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First attempt at OSL…and a lesson learned


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Great attempt.  In general, the light source should be much brighter than you think.  White glazed with a little blue in this case.  And the objects very close to the source should be very bright, with a rapid drop off of brightness the farther away from the source you get.

 

 

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Nice job!

A quality photography job always amplifies the paint job (great or poor - doesn't matter).  I see this online all the time.  I see it in my own work frequently.  Correctly pointed light source highlights and darkens all the right parts, even if the paint job doesn't.

On OSL - I just had my first attempt a couple of days ago.  I think yours went much smoother 🙂

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13 hours ago, Darcstaar said:

Great attempt.  In general, the light source should be much brighter than you think.  White glazed with a little blue in this case.  And the objects very close to the source should be very bright, with a rapid drop off of brightness the farther away from the source you get.

 

 

Thank you for the feedback! Are you saying that the face area should have more of the bright white (or bluish-white) in it to make the light source pop? I just did a small dot of pure white, but I can definitely go back and cover the hood inside with it.

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3 hours ago, sgmustadio said:

Thank you for the feedback! Are you saying that the face area should have more of the bright white (or bluish-white) in it to make the light source pop? I just did a small dot of pure white, but I can definitely go back and cover the hood inside with it.

I think the inside of the hood could be punched up to a bigger area.  Consider casting some light on the shoulders (even though it might be blocked by the hood, it could help sell it).

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I really like the overall sort of ethereal look of the glow.  its really enhanced by the faint glow coming out of the  sleeves.  I think you are on the right track.  Here are some OSL hints that I hope will help.  Saturate the light colour.  That means repeat the application of the blue colour several times to make it really intense right around the white dot at the center of the light source.  Make your shadows really dark. Make them darker again.  More dark.  A bit of colour theory will also help.  Try painting the shadows of the cloak with a very dark orange colour.  Orange is the complement of blue on the colour wheel (its opposite). That will create a contrast that helps make the blue pop more. By very dark orange I mean mix orange and black and use that in your shadows.  Here is an example of what I mean.  The blue here is Surf Aqua, the orange is Auburn Shadow.   Light level and saturation manipulation with the camera software is not needed for the photo if you achieve a strong contrast with the paint.  A uniform background behind the figure will help a lot to make your effect look better in the photo, though.  Also take a close look at the top photo and identify the natural shadows (look at the base and find the shadow of the figure on the background).  No extra direction lighting was added (meaning no flashlight or similar was pointed at the figure for the photograph) to increase the apparent brightness of the light source or to make the shadows appear artificially deep, but the effect is still clearly visible.  Also still clearly visible when the figure is held in the hand.  This is the effect of the strong contrast between light and dark paints and the colour contrast between orange and blue.  This figure was from a class on OSL theory we did here in our painting studio a few months back.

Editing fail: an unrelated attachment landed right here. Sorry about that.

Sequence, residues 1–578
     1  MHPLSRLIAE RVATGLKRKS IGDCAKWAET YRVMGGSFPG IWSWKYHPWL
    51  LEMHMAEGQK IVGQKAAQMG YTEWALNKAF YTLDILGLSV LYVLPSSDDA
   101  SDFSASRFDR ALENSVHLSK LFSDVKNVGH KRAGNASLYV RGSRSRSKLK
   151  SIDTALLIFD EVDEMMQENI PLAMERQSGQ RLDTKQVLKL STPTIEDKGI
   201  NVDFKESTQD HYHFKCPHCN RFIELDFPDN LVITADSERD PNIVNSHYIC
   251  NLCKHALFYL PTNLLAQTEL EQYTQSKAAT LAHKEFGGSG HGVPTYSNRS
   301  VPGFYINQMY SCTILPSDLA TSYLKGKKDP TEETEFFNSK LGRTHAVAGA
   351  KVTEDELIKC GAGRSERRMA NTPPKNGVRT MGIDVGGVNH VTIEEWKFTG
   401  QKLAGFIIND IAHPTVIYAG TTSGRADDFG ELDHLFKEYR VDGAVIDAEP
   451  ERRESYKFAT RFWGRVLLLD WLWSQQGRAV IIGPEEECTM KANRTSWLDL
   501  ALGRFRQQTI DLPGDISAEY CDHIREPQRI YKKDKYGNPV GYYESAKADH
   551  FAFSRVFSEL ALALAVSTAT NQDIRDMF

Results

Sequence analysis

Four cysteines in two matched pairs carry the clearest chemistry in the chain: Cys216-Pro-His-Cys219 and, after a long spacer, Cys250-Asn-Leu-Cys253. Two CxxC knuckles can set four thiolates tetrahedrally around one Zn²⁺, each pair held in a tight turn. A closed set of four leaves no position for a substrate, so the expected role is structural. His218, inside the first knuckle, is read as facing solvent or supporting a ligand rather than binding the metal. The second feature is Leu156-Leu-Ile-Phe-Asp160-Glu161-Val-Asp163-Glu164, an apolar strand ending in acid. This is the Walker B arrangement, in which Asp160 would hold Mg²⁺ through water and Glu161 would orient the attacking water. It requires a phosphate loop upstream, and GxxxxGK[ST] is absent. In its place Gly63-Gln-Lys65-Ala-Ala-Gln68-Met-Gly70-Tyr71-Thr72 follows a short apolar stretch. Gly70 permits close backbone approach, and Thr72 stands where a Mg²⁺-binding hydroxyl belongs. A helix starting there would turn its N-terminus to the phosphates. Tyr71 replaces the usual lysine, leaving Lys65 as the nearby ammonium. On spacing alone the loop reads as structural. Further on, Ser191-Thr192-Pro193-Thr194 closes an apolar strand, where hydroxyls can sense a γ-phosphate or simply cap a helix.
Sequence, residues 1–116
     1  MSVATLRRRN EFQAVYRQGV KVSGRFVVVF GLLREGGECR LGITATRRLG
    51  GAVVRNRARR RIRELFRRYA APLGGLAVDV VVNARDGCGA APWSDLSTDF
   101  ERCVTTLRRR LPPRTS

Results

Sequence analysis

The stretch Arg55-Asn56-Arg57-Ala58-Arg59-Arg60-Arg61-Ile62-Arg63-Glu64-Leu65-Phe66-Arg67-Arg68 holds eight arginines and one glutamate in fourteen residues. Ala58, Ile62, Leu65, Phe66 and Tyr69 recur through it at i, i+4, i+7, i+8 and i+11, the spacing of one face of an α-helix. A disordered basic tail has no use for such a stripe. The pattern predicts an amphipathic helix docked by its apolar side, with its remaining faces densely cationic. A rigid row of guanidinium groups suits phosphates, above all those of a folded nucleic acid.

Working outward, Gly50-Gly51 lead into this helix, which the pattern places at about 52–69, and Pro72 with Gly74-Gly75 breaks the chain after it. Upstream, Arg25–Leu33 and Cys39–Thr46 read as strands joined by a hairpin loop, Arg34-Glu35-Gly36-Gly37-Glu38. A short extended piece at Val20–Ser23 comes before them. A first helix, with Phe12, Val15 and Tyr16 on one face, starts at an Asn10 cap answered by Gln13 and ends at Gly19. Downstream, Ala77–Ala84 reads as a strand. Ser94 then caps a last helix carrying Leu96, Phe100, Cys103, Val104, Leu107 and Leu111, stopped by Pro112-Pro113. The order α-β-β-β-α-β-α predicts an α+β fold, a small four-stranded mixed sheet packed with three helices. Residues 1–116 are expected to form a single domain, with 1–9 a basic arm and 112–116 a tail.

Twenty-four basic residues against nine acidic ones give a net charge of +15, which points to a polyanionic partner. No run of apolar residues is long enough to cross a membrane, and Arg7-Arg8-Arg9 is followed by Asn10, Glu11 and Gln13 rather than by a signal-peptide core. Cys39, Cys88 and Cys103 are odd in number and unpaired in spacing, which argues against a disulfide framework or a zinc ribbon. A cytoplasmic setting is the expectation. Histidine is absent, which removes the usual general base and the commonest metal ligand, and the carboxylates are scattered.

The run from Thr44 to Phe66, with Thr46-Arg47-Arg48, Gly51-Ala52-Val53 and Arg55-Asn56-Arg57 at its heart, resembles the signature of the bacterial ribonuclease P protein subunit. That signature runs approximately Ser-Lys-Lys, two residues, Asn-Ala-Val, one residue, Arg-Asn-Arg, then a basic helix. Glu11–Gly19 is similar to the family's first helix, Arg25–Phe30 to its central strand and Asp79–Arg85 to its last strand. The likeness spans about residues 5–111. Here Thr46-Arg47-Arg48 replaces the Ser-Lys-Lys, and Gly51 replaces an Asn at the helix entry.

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The dark background absolutely helps in the photo, as minis are tricky to photograph, but I've seen  it work in person as well at convention contest displays which are usually not very dark and often brightly lit.

I like what you did there. I might try this with my shroud. I've been trying to figure out how to do this properly myself and this seems like an excellent mini to try on.

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@Geoff Davis That looks amazing, and thanks for the tips! I've seen the warm/cool contrast used on other OSL works, but it's usually the OSL light source with the warm glow. I didn't think to flip it to have the darker ambient lighting be the warm/orange light. Genius move...I'll have to try it 🙂

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